UKidney Nephrology News and Insights

JUL
14
2

Novel Tools to Teach Nephrology

Nephrology has become a field of medicine that is vastly expanding in knowledge and complexity. The number of students, residents considering the field of nephrology are declining every year. Lot of times the students consider nephrology as a difficult subject to grasp and hence have a "renal fear" to consider this field of medicine. To make nephrology more exciting and fun, and to add adjunctive tools of teaching, there have been attempts to develop interesting tools of teaching in nephrology. Websites like UKidney and others are one such example. E-learning can be used to enhance interest in nephrology. Other innovative tools have been tried as well ( crosswords, anagrams, role playing, concept maps) and we are hoping such tools will aid nephrology education and also enhancement of the field. Here are some links to publications that are reviewing some of these tools. Please give us your comments on these tools and how we can improve and make it more useful for all.

Refs: Link1, Link2, Link3, Link4, Link5, Link6

Continue reading
  9982 Hits
9982 Hits
APR
16
0

More evidence for mycophenolate mofetil in lupus nephritis

Many nephrologists, myself included, are eager to find alternatives to cyclophosphamide in the management of lupus nephritis. As many of these patients are young men and women of child-bearing age, the effects of cyclophosphamide on fertility, along with bone marrow and other adverse effects make alternative medications more attractive. Several studies have suggested that mycophenolate mofetil (MMF) may be superior and less toxic than cyclophosphamide in the management of lupus nephritis. In the May issue of the Journal of the American Society of Nephrology, investigators report the result of a study comparing IV cyclophsphamide with oral MMF. While a reprint is not yet available for review, preliminary reports suggest that MMF is slightly more effective and less toxic in this trial. In a 24-week open-label induction study of 370 patients with class III-V lupus, there were no differences in the primary end-point (a prespecified decrease in urine protein/creatinine ratio and stabilization or improvement in serum creatinine) or the secondary end-point (complete renal remission, systemic disease activity and damage, and safety).  As well, there were no differences in the rate of adverse events between the 2 groups. For the studied patients, IV cyclophosphamide and oral MMF share similar efficacy and harm. This study adds to the growing evidence base showing no difference between these 2 treatment strategies.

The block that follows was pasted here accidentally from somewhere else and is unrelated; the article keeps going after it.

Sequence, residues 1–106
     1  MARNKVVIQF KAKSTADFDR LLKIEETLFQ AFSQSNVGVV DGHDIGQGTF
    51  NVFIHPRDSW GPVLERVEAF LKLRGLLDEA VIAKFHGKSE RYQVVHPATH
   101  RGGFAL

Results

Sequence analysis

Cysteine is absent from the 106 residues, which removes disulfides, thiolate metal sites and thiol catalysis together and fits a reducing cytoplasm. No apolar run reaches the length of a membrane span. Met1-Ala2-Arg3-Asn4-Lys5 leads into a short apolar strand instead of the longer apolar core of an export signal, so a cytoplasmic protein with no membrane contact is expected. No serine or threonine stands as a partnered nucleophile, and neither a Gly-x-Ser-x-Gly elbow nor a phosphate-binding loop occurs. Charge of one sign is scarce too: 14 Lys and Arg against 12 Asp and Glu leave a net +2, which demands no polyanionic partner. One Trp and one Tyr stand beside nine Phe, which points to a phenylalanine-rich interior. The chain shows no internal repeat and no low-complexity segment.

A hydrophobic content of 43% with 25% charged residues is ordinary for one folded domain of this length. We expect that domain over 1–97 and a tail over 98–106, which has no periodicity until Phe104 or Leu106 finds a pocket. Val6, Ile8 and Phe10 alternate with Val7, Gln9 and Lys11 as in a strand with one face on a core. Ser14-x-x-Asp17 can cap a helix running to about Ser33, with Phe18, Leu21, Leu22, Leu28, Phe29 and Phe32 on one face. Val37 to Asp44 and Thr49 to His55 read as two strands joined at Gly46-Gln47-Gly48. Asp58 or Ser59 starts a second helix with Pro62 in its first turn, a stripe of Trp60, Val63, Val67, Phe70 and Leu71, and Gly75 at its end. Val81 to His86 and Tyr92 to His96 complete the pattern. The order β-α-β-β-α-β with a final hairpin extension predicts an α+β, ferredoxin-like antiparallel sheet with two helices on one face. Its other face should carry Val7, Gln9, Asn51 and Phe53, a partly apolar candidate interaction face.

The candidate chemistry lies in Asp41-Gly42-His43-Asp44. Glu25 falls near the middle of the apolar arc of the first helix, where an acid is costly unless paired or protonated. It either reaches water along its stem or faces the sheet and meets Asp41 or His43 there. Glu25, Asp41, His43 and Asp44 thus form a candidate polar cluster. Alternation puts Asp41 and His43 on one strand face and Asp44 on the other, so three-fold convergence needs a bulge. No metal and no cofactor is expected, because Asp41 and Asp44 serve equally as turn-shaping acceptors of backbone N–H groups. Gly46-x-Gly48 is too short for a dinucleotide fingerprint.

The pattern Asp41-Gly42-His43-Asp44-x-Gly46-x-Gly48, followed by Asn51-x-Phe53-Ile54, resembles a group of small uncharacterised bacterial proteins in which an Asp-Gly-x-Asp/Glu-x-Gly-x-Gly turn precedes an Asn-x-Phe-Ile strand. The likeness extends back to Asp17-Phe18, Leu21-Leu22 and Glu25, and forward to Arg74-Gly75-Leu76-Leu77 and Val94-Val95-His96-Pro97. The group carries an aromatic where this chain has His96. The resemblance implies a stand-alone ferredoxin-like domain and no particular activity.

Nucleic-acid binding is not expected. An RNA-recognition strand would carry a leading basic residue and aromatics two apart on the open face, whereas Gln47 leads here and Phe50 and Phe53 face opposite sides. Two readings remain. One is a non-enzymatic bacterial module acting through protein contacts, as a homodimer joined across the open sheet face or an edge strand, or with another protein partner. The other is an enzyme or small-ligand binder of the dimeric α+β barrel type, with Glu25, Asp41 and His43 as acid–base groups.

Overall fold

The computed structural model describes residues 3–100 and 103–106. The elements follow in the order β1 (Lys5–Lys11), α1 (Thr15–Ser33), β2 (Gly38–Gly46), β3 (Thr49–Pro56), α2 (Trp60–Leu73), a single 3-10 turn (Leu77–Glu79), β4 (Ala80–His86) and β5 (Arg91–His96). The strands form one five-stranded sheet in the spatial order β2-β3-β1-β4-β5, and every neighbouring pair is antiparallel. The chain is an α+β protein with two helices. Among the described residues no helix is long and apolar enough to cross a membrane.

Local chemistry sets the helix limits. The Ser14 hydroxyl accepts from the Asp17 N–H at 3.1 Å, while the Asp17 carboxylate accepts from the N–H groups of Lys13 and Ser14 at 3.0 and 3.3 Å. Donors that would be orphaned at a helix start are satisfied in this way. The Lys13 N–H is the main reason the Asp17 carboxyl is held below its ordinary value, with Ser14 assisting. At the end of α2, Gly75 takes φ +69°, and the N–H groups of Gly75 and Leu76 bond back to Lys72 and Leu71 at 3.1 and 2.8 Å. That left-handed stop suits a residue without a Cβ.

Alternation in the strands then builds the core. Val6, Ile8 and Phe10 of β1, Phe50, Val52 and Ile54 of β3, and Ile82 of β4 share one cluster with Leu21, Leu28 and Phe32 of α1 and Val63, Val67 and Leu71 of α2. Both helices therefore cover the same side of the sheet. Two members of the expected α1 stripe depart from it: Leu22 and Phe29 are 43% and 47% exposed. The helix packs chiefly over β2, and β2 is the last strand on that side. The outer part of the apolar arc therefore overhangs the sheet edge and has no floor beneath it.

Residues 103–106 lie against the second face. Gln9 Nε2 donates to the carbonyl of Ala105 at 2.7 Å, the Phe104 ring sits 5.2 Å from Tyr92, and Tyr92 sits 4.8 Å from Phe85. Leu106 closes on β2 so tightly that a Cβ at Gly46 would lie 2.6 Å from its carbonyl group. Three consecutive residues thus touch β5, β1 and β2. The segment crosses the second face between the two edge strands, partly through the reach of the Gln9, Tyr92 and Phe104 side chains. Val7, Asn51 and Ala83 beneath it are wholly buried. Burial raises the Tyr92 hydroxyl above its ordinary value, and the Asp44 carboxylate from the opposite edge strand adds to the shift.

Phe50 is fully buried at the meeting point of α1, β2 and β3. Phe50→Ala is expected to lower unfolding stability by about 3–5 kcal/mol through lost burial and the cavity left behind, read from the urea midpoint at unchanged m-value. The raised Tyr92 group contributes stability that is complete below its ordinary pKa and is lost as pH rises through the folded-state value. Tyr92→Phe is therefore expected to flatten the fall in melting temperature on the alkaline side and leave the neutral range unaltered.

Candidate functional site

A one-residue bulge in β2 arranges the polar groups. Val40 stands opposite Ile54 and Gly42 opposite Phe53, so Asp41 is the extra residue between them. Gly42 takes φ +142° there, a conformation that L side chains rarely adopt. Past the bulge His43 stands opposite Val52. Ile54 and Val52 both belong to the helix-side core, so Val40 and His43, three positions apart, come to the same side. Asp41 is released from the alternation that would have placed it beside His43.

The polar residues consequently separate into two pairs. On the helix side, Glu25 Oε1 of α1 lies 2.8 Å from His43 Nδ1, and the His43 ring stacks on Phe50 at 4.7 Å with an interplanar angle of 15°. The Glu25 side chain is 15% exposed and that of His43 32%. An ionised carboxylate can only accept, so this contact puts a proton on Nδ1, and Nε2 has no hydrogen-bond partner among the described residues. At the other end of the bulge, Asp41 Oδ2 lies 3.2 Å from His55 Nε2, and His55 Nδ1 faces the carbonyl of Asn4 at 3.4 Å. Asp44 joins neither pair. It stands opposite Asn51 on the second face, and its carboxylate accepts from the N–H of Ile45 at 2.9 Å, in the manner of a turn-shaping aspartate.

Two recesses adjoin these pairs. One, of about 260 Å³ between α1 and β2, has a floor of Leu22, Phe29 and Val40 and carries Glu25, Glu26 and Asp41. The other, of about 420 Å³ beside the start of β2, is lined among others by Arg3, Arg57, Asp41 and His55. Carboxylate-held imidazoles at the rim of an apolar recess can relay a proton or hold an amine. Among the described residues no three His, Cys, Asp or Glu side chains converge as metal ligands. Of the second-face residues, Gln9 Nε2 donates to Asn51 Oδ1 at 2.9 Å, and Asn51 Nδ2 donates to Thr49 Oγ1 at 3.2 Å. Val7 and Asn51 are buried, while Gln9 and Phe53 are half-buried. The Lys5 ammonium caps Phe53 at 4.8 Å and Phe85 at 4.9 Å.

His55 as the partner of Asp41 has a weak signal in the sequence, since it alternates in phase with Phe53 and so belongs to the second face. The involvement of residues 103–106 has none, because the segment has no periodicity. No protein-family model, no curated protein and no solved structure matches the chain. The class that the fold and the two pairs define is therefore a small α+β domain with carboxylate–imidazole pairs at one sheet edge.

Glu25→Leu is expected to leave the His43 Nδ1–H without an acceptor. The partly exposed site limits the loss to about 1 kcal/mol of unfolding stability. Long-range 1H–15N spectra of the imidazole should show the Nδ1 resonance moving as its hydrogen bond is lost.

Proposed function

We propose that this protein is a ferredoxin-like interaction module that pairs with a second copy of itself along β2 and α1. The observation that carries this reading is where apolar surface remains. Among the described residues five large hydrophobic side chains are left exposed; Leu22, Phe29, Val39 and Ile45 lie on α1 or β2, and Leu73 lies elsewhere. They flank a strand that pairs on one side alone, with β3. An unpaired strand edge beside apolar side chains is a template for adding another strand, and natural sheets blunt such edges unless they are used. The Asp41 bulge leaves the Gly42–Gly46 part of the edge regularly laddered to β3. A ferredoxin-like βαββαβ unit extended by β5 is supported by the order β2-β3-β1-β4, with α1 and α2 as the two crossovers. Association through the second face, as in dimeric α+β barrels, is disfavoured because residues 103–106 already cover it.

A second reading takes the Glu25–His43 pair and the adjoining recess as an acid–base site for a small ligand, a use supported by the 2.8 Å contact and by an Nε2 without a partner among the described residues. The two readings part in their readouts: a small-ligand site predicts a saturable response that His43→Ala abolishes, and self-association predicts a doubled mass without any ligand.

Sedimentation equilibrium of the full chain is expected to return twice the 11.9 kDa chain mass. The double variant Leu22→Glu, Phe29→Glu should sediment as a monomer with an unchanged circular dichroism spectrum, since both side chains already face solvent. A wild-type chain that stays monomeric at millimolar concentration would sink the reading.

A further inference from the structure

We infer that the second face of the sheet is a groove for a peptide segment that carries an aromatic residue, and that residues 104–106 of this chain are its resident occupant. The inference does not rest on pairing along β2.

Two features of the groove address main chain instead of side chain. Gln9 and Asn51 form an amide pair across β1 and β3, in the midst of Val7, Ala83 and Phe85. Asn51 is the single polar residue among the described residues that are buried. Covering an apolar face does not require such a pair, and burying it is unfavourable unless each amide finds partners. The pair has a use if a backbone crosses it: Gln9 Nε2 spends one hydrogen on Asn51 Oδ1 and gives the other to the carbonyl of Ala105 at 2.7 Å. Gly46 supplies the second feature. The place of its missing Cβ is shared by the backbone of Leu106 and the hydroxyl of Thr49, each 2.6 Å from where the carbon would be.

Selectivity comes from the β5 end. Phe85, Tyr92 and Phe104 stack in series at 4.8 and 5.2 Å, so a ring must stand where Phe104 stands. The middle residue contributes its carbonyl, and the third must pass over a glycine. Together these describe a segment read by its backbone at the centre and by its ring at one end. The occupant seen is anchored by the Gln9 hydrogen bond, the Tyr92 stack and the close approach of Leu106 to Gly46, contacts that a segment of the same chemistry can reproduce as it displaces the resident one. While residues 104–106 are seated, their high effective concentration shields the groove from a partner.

Return to UKidney blog home page

Continue reading
  8496 Hits
8496 Hits
APR
09
0

ACE and ARB in combination: Still a viable option?

In the wake of the ONTARGET study, there is a movement away from using ACE and ARBs in combination for hypertension or general vascular protection. However, the combination is still an option for patients with heart failure where the it has been shown to reduce hospitalization. There remains a question whether the combination can reduce the rate of progression in diabetic nephropathy and other kidney diseases. While the ONTARGET study did include a relatetively small number of patients with nephropathy, it was not designed or powered to show a difference in renal outcomes. A new study, the VA-NEPHRON D, is currently underway to examine the effect of lisinopril plus losartan versus lisinopril plus placebo on the progression of chronic kidney disease. A copy of this study design can be found here. This study should shed light on the role of this medication combination in a disease state with a large unmet therapeutic need.

Return to UKidney blog home page

Continue reading
  8673 Hits
8673 Hits
ukidneyisup